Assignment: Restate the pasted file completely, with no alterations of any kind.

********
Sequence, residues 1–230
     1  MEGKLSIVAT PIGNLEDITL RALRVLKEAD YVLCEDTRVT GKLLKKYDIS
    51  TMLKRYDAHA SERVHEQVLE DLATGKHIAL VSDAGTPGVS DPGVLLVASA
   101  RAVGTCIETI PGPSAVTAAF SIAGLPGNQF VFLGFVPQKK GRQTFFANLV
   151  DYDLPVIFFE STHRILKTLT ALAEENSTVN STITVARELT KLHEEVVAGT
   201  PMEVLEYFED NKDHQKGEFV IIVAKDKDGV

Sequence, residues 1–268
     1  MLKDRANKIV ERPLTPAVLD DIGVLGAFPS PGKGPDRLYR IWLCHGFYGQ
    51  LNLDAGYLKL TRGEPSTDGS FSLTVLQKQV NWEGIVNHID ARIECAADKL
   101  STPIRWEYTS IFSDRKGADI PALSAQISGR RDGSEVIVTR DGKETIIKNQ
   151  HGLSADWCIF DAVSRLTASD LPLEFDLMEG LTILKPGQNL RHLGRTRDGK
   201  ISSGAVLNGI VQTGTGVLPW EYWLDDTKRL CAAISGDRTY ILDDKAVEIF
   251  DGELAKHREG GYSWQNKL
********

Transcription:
Sequence, residues 1–230
     1  MEGKLSIVAT PIGNLEDITL RALRVLKEAD YVLCEDTRVT GKLLKKYDIS
    51  TMLKRYDAHA SERVHEQVLE DLATGKHIAL VSDAGTPGVS DPGVLLVASA
   101  RAVGTCIETI PGPSAVTAAF SIAGLPGNQF VFLGFVPQKK GRQTFFANLV
   151  DYDLPVIFFE STHRILKTLT ALAEENSTVN STITVARELT KLHEEVVAGT
   201  PMEVLEYFED NKDHQKGEFV IIVAKDKDGV

Sequence, residues 1–268
     1  MLKDRANKIV ERPLTPAVLD DIGVLGAFPS PGKGPDRLYR IWLCHGFYGQ
    51  LNLDAGYLKL TRGEPSTDGS FSLTVLQKQV NWEGIVNHID ARIECAADKL
   101  STPIRWEYTS IFSDRKGADI PALSAQISGR RDGSEVIVTR DGKETIIKNQ
   151  HGLSADWCIF DAVSRLTASD LPLEFDLMEG LTILKPGQNL RHLGRTRDGK
   201  ISSGAVLNGI VQTGTGVLPW EYWLDDTKRL CAAISGDRTY ILDDKAVEIF
   251  DGELAKHREG GYSWQNKL